M. Raz-Bahat1
Estimated H-index: 1
(National Institute of Oceanography, India),
Elizabeth Moiseeva7
Estimated H-index: 7
(National Institute of Oceanography, India)
+ 2 AuthorsB. Rinkevich12
Estimated H-index: 12
(National Institute of Oceanography, India)
Because hermatypic species use symbiotic algal photosynthesis, most of the literature in this field focuses on this autotrophic mode and very little research has studied the morphology of the coral’s digestive system or the digestion process of particulate food. Using histology and histochemestry, our research reveals that Stylophora pistillata’s digestive system is concentrated at the corals’ peristome, actinopharynx and mesenterial filaments (MF). We used in-situ hybridization (ISH) of the RNA...
4 Citations Source Cite
Published on Dec 1, 2017in BMC Molecular Biology 2.79
Gaurav G. Shimpi2
Estimated H-index: 2
(Ludwig Maximilian University of Munich),
Sergio Vargas8
Estimated H-index: 8
(Ludwig Maximilian University of Munich)
+ 1 AuthorsGert Wörheide40
Estimated H-index: 40
(Ludwig Maximilian University of Munich)
Background Mitogenome diversity is staggering among early branching animals with respect to size, gene density, content and order, and number of tRNA genes, especially in cnidarians. This last point is of special interest as tRNA cleavage drives the maturation of mitochondrial mRNAs and is a primary mechanism for mt-RNA processing in animals. Mitochondrial RNA processing in non-bilaterian metazoans, some of which possess a single tRNA gene in their mitogenomes, is essentially unstudied despite i...
3 Citations Source Cite
Published on Jan 1, 2017in Genome Biology and Evolution 3.94
Mei-Fang Lin4
Estimated H-index: 4
(James Cook University),
Aurelie Moya16
Estimated H-index: 16
(James Cook University)
+ 5 AuthorsDavid S. Miller70
Estimated H-index: 70
(James Cook University)
Corallimorpharians (coral-like anemones) have a close phylogenetic relationship with scleractinians (hard corals) and can potentially provide novel perspectives on the evolution of biomineralization within the anthozoan subclass Hexacorallia. A survey of the transcriptomes of three representative corallimorpharians led to the identification of homologs of some skeletal organic matrix proteins (SOMPs) previously considered to be restricted to corals. Carbonic anhydrases (CAs), which are ubiquitou...
3 Citations Source Cite
Published on Feb 15, 2017in PLOS ONE 2.77
Davide Poli1
Estimated H-index: 1
,
Elena Fabbri29
Estimated H-index: 29
+ 2 AuthorsSilvia Franzellitti17
Estimated H-index: 17
4 Citations Source Cite
Published on Feb 1, 2017in Science Advances
Pim Bongaerts21
Estimated H-index: 21
(University of Queensland),
Cynthia Riginos27
Estimated H-index: 27
(University of Queensland)
+ 3 AuthorsOve Hoegh-Guldberg79
Estimated H-index: 79
(University of Queensland)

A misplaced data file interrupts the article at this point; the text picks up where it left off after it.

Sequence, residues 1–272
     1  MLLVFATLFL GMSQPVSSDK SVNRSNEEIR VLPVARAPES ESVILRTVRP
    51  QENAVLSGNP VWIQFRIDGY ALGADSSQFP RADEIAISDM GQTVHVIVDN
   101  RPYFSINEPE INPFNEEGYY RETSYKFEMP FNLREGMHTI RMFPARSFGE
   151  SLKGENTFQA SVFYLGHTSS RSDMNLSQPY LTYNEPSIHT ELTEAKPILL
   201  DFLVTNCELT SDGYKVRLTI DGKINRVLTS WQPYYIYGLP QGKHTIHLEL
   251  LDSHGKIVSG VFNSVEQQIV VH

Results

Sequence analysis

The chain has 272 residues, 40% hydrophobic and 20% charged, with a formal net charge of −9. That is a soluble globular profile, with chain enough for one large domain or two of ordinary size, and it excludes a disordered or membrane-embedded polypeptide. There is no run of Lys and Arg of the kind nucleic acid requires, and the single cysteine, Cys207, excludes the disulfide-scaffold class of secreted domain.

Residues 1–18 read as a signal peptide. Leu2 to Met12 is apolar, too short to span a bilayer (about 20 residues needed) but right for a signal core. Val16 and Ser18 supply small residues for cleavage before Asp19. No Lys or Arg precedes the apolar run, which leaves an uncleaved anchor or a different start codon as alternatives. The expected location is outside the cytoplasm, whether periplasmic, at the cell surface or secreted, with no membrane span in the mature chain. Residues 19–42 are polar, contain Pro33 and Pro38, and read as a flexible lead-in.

Deep coral reefs (that is, mesophotic coral ecosystems) can act as refuges against major disturbances affecting shallow reefs. It has been proposed that, through the provision of coral propagules, such deep refuges may aid in shallow reef recovery; however, this "reseeding" hypothesis remains largely untested. We conducted a genome-wide assessment of two scleractinian coral species with contrasting reproductive modes, to assess the potential for connectivity between mesophotic (40 m) and shallow...
42 Citations Source Cite
Published on Mar 7, 2017in Frontiers in Microbiology 4.02
Raquel S. Peixoto28
Estimated H-index: 28
(Federal University of Rio de Janeiro),
Phillipe M. Rosado1
Estimated H-index: 1
(Federal University of Rio de Janeiro)
+ 2 AuthorsDavid G. Bourne45
Estimated H-index: 45
(James Cook University)
The symbiotic association between the coral animal and its endosymbiotic dinoflagellate partner Symbiodinium is central to the success of corals. However, an array of other microorganisms associated with coral (i.e., Bacteria, Archaea, Fungi and viruses) have a complex and intricate role in maintaining homeostasis between corals and Symbiodinium. Corals are sensitive to shifts in the surrounding environmental conditions. One of the most widely reported responses of coral to stressful environment...
38 Citations Source Cite
Published on Jan 1, 2017in Invertebrate Systematics 1.65
Christian R. Voolstra36
Estimated H-index: 36
(King Abdullah University of Science and Technology),
Gert Wörheide40
Estimated H-index: 40
(Ludwig Maximilian University of Munich),
Jose V. Lopez22
Estimated H-index: 22
(UPRRP College of Natural Sciences)
The Global Invertebrate Genomics Alliance (GIGA), a collaborative network of diverse scientists, marked its second anniversary with a workshop in Munich, Germany in 2015, where international attendees focused on discussing current progress, milestones and bioinformatics resources. The community determined the recruitment and training of talented researchers as one of the most pressing future needs and identified opportunities for network funding. GIGA also promotes future research efforts to pri...
4 Citations Source Cite
Published on Jun 1, 2017in Molecular Phylogenetics and Evolution 4.41
Zac H. Forsman15
Estimated H-index: 15
,
Ingrid S. Knapp8
Estimated H-index: 8
+ 3 AuthorsRobert J. Toonen8
Estimated H-index: 8
Abstract Major gaps remain in our understanding of the ecology, evolution, biodiversity, biogeography, extinction risk, and adaptive potential of reef building corals. One of the central challenges remains that there are few informative genetic markers for studying boundaries between species, and variation within species. Reduced representation sequencing approaches, such as RADseq (Restriction site Associated DNA sequencing) have great potential for resolving such relationships. However, it is ...
7 Citations Source Cite